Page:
Onlookers have described the horrifying moment they saw a surfer being mauled by a 'monster' Great White shark on South Australia's west coast.
The man has been identified by the Adelaide Advertiser as Chris Blowes.
The 26-year-old is currently fighting for his life in hospital.
Mr Blowes was surfing about 350 metres offshore near Right Point on the south-western side of Fishery Bay in Port Lincoln National Park, when he was attacked at 9.45am on Saturday.
Mr Blowes was out in the surf with about a dozen others when she 'massive' shark struck.
Shocked witnesses recall seeing what they believed was a six-metre great white shark swimming away with the surfer's leg and a surfboard in its jaw.
'The shark came in and bit his leg off and the guys helped him in and carried him up the cliff,' said Glenn Lugg, who has been surfing in the area for 25 years.
Mr Lugg was told to call an ambulance while his fellow surfers pulled Mr Blowes from the water, up the beach on a surfboard and into a car to take the 26-year-old to hospital.
The shocked witness said the experience was 'pretty traumatic', but that everyone involved did a great job.
A friend of Mr Blowes, Ty Swan, described the 26-year-old as a 'good bloke', and that he had been bitten in the middle of the thigh.
Mr Swan placed a sign at the popular tourist beach to let others know of the attack.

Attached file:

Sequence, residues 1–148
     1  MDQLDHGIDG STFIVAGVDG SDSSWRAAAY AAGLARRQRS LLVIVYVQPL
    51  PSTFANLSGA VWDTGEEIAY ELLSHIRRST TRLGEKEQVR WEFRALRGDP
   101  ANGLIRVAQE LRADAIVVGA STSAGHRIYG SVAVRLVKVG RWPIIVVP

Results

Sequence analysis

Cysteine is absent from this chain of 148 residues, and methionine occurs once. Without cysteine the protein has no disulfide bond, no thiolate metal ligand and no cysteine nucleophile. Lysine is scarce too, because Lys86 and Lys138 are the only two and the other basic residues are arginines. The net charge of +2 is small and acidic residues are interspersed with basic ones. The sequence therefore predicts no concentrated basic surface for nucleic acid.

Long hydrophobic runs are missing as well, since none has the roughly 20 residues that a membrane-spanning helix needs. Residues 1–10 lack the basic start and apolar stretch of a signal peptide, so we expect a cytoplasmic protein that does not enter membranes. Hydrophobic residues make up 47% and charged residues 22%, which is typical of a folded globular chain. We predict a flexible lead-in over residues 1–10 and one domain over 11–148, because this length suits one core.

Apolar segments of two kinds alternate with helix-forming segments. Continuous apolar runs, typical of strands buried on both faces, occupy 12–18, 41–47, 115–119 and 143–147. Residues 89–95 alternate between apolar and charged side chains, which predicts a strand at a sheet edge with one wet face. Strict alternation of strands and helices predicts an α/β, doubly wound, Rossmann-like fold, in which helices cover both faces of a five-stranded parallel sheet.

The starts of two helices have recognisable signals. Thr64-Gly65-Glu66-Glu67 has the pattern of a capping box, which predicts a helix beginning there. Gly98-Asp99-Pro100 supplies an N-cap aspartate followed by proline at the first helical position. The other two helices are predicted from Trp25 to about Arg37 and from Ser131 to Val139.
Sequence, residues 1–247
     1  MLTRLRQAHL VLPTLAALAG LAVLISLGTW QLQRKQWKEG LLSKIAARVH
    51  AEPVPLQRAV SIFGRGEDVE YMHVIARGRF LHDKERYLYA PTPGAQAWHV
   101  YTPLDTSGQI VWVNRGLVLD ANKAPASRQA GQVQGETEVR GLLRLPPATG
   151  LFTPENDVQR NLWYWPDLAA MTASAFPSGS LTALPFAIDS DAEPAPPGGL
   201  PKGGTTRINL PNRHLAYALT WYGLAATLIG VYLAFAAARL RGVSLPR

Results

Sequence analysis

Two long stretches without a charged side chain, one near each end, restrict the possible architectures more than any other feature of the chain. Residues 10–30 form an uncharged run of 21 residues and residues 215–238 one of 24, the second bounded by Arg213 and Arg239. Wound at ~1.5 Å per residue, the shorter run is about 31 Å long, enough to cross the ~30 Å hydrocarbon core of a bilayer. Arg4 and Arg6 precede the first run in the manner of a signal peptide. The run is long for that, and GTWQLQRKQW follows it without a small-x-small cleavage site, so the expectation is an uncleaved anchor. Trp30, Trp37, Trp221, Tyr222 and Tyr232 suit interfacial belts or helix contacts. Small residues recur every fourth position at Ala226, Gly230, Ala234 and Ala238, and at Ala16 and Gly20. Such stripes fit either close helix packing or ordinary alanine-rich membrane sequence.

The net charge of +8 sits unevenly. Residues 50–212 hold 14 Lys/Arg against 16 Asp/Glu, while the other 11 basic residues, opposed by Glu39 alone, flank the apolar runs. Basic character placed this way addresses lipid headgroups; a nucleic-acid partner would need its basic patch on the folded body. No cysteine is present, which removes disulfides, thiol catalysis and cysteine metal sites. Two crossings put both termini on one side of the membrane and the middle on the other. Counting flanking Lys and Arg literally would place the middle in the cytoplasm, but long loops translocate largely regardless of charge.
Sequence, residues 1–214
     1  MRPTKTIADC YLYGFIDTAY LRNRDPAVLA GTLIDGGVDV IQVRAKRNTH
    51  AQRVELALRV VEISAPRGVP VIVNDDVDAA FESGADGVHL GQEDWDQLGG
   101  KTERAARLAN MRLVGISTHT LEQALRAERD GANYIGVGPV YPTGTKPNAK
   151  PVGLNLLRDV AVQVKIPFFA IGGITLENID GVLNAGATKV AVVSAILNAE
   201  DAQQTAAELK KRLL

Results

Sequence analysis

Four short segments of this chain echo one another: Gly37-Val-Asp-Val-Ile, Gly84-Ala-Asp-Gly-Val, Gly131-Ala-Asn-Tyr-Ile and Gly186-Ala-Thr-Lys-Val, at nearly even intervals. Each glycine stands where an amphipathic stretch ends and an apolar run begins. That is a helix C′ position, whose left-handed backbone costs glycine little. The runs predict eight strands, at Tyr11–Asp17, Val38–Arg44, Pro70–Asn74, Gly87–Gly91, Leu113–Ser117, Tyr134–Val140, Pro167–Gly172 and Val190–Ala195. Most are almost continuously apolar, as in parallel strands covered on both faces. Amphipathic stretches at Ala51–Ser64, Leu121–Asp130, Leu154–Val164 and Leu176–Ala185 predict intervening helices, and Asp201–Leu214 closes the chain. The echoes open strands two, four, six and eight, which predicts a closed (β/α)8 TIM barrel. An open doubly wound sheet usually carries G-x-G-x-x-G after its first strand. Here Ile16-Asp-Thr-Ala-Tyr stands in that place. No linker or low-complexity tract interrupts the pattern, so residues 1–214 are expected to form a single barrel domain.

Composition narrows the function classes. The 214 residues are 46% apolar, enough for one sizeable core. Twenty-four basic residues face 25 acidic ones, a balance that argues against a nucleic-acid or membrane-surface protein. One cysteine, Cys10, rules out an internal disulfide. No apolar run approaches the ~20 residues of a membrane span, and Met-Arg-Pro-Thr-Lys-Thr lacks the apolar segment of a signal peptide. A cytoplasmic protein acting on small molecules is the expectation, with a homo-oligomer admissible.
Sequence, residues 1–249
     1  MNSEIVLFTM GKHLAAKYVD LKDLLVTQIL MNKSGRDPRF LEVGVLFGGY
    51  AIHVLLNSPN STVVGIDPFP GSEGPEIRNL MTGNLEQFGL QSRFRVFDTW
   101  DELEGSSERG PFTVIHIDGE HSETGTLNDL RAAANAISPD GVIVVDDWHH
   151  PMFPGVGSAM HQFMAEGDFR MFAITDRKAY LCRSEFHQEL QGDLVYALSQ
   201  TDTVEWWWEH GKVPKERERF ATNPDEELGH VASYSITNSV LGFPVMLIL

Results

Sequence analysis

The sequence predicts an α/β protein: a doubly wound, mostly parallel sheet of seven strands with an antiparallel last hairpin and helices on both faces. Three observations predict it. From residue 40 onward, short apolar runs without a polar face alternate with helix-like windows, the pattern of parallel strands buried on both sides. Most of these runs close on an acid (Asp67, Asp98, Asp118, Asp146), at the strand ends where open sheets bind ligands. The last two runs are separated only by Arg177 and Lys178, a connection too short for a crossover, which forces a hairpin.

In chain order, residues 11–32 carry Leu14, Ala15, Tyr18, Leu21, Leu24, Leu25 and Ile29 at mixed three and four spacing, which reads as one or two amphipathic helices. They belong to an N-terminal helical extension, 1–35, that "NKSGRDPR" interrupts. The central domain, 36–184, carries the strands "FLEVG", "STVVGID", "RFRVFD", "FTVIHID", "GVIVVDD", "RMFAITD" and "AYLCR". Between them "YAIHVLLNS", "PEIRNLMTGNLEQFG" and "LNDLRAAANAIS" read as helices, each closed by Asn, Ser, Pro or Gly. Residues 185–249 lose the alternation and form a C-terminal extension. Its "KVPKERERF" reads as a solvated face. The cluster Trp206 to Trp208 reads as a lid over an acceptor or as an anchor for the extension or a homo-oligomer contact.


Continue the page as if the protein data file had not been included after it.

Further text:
Another witness, who was surfing at the time, told Daily Mail Australia that 'there was blood everywhere'.
The injured man was initially taken to Port Lincoln Hospital with life-threatening injuries but been been airlifted to Adelaide for further treatment.
Another man said those closest to the badly injured surfer acted quickly without any thought of danger to themselves.
'I was just watching the shark go out to the ocean with his board still attached,' another witness told the Sunday Mail.
'Obviously the shark still had his leg and he was still swimming around with it.'
The man said even though he was 50 metres from the shark, he could see its 'massive' pectoral fin - and he had no doubts it was a great white shark, the most feared creature in the sea.
However details of the type of shark and the man's injuries have not been released or confirmed.
After the shark victim had been brought ashore and carried up a slope to a parking area, he was loaded into a car.
The man, who remains in a critical condition, has been airlifted via a MedSTAR retrieval team to the Royal Adelaide Hospital for further treatment.
Police were working with Fisheries officials, the local council and Surf Life Saving SA to post signs on the beach warning others promptly after the shark attack.
The attacked happened during conditions that police and marine experts have previously said are dangerous.
The overcast conditions make it difficult for surfers to see sharks that might be in the area and it is believed that sharks often mistake humans for seals or dolphins.
The incident comes after surfer Jake Heron managed to fight off a four metre Great White at the same beach 10 years ago which attacked him just 10 metres from shore by punching and kicking it
He escaped with 20 stitches in his arm and 40 stitches in his thigh.